Neven:  That occurred to me as well.  I can't help but think of Jennifer Francis' work, and wonder whether one might draw any connection between this and the 1930s Dust Bowl.  If this triggered a sufficiently large pulse of Arctic warming, without (relatively speaking) much of a concomitant rise in temperatures to the south, one might expect to see the jet stream looping wildly, creating the conditions needed for the 1930s drought in the US.

Chuck Yokota

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Re: Black Carbon in Greenland Ice Cores
« Reply #4 on: February 21, 2013, 06:17:07 PM »
If the surface of the GIS melts further in the coming years, will the black carbon from a century ago become exposed again, or will it be washed down below the new surface?

TerryM

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Re: Black Carbon in Greenland Ice Cores
« Reply #5 on: February 21, 2013, 08:26:57 PM »
If the surface of the GIS melts further in the coming years, will the black carbon from a century ago become exposed again, or will it be washed down below the new surface?

My understanding is that it's not generally washed away but similar to the dirty masses you find as snow plowed from parking lots melts back in the early spring.

Terry

Chuck Yokota

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Re: Black Carbon in Greenland Ice Cores
« Reply #6 on: February 22, 2013, 12:07:07 PM »
Thanks for the reply, TerryM.  That is not good news for GIS melting, as the re-exposed black carbon will lower its albedo. :(

Vaughn

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Re: Black Carbon in Greenland Ice Cores
« Reply #7 on: February 23, 2013, 06:31:49 AM »
I have been watching the "Greenland Ice Sheet Today" on the NSIDC website: 
http://nsidc.org/greenland-today/
Notably along the southeast Greenland coast there are small but distinct areas of the ice sheet that already has logged 20 to 40 days of melt and it is only late February.  This seems highly unusual and will already have black soot exposed on the surface when the real melt gets underway shortly.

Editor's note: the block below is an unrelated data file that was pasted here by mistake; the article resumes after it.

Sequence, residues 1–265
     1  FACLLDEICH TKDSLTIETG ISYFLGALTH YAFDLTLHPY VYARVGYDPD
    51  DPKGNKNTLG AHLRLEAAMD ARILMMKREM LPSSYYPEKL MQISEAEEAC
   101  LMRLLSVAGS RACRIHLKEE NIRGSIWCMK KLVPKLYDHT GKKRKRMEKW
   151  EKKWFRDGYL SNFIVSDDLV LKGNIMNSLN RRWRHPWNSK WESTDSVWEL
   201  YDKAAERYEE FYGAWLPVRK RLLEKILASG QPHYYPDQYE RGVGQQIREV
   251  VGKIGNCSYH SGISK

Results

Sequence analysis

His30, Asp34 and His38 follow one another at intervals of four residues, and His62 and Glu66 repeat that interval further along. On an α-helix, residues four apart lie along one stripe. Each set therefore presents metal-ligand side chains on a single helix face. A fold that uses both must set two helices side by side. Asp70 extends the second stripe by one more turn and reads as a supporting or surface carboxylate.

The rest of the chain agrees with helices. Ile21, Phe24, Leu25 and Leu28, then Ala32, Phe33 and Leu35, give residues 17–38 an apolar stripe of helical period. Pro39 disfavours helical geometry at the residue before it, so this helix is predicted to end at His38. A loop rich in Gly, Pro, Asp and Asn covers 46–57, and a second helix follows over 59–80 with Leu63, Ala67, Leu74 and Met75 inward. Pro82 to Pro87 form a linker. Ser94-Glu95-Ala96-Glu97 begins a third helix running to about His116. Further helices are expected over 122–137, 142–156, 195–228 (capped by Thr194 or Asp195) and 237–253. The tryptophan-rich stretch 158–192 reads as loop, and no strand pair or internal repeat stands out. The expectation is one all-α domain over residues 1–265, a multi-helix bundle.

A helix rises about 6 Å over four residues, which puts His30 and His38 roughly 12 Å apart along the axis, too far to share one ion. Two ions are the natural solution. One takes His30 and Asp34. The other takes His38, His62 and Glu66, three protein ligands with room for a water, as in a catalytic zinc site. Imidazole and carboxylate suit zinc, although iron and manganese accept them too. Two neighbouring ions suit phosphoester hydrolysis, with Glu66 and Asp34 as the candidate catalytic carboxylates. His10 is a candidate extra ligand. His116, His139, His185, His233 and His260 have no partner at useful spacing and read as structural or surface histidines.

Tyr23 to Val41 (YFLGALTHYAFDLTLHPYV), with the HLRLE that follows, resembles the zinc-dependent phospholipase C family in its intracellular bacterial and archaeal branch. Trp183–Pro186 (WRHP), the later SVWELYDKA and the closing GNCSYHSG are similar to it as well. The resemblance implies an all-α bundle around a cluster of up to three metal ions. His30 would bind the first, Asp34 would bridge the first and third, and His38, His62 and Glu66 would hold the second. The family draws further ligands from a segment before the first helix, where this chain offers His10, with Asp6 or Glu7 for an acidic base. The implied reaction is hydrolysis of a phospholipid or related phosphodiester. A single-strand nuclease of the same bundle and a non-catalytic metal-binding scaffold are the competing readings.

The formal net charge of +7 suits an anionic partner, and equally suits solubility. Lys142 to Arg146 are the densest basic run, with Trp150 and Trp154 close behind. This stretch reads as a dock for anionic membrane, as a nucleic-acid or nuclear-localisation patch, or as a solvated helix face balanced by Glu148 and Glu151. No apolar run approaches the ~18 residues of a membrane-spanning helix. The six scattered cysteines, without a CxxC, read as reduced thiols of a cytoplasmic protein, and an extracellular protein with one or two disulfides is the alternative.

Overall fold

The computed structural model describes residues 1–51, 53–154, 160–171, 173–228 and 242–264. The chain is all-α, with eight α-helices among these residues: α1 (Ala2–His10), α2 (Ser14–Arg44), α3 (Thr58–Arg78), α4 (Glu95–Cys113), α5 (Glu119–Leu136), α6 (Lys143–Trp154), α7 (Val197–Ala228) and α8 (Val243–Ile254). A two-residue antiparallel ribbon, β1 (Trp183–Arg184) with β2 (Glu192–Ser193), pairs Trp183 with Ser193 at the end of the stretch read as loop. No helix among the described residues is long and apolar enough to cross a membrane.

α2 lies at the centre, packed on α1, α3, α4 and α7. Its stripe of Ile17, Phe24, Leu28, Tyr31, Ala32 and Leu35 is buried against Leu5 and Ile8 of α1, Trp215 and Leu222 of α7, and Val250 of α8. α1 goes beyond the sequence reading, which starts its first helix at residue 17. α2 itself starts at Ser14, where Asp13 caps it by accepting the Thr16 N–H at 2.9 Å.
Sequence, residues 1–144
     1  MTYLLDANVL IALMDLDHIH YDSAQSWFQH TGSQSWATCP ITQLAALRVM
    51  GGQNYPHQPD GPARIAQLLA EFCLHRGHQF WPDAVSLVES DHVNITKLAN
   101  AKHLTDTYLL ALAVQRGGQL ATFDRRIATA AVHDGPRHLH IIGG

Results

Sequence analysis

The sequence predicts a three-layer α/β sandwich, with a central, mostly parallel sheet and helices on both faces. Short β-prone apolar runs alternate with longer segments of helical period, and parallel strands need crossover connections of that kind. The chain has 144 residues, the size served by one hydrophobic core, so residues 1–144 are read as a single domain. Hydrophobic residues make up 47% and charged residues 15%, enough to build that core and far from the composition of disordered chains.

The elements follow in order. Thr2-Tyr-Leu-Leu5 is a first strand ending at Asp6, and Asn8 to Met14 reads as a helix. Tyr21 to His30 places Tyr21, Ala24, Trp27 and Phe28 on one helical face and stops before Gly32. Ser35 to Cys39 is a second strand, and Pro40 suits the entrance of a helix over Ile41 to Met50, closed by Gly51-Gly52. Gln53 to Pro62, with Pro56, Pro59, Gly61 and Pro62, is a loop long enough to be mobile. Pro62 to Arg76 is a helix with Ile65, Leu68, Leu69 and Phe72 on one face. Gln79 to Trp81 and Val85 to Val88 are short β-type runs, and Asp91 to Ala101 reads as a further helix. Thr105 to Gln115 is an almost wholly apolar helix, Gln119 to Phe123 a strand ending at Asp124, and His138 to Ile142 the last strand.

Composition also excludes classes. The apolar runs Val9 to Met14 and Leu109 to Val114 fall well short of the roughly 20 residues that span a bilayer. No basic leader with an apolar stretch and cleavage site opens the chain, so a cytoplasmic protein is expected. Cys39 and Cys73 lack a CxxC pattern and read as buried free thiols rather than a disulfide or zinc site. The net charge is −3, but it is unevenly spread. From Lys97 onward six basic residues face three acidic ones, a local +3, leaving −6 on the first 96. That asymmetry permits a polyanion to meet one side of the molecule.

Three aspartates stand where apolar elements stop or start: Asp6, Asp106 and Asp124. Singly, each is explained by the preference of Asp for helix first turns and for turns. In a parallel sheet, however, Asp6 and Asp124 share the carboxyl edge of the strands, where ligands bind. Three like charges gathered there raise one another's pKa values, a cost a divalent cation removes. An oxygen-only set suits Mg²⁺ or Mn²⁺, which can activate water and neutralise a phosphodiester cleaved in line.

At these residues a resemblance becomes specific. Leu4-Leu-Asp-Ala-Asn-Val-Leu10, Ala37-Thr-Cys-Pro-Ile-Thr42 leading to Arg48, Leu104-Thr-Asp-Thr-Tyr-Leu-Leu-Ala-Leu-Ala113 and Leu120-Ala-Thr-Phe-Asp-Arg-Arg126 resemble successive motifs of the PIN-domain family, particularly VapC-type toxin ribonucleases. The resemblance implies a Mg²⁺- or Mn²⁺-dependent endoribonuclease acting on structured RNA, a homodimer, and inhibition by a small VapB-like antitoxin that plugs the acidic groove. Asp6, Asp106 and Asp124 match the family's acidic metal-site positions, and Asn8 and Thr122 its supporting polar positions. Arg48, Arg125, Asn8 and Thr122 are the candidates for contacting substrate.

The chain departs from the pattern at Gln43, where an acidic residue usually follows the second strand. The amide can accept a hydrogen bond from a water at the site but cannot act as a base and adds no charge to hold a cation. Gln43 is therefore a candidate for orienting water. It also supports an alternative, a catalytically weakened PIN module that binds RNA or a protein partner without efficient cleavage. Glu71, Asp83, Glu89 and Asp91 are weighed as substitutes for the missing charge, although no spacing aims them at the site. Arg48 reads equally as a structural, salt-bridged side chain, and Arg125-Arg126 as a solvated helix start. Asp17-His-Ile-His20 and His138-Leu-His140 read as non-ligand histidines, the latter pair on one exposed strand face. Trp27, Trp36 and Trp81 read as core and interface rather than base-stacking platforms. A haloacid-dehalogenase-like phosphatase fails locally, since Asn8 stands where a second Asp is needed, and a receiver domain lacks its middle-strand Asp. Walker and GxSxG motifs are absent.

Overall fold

Vaughn

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Re: Black Carbon in Greenland Ice Cores
« Reply #8 on: February 23, 2013, 08:56:58 AM »
I'm not surprised that the GIS is already suffering in 2013. The sluggish nature of the weather in recent weeks with blocking highs over the UK and NE Europe and slow moving deep depressions in the North Atlantic is pushing warm Atlantic air into SE Greenland. If this is a result of Jennifer Francis's higher amplitude, slower moving Rossby Waves then this phenomenon may be a feature of things to come.

TerryM

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Re: Black Carbon in Greenland Ice Cores
« Reply #9 on: February 23, 2013, 05:00:37 PM »
Does anyone have a link to the dark biological beasties that were found to be moving upward and northward on the GIS last year? I think it was a Japanese team that reported them.

Terry

Chuck Yokota

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Re: Black Carbon in Greenland Ice Cores
« Reply #10 on: February 25, 2013, 12:44:36 AM »
Terry,
The link to the dark microbial stain article is:
http://ajw.asahi.com/article/behind_news/social_affairs/AJ201209280006

TerryM

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Re: Black Carbon in Greenland Ice Cores
« Reply #11 on: February 25, 2013, 05:41:01 PM »
Terry,
The link to the dark microbial stain article is:
http://ajw.asahi.com/article/behind_news/social_affairs/AJ201209280006

Thanks so much.

That was the article I remembered, bookmarked, then lost. I love the take away line: